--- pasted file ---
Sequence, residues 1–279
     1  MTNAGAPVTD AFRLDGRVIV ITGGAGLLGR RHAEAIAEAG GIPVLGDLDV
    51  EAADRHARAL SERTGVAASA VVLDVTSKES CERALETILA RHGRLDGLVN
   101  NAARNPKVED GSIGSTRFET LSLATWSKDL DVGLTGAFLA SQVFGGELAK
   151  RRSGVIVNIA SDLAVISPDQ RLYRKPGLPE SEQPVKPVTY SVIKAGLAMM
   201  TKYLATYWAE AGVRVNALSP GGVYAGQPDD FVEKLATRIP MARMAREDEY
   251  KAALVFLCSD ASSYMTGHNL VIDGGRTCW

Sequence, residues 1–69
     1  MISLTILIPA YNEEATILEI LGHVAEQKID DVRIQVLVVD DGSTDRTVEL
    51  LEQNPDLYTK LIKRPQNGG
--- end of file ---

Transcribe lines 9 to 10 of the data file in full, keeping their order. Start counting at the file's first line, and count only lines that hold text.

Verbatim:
     1  MISLTILIPA YNEEATILEI LGHVAEQKID DVRIQVLVVD DGSTDRTVEL
    51  LEQNPDLYTK LIKRPQNGG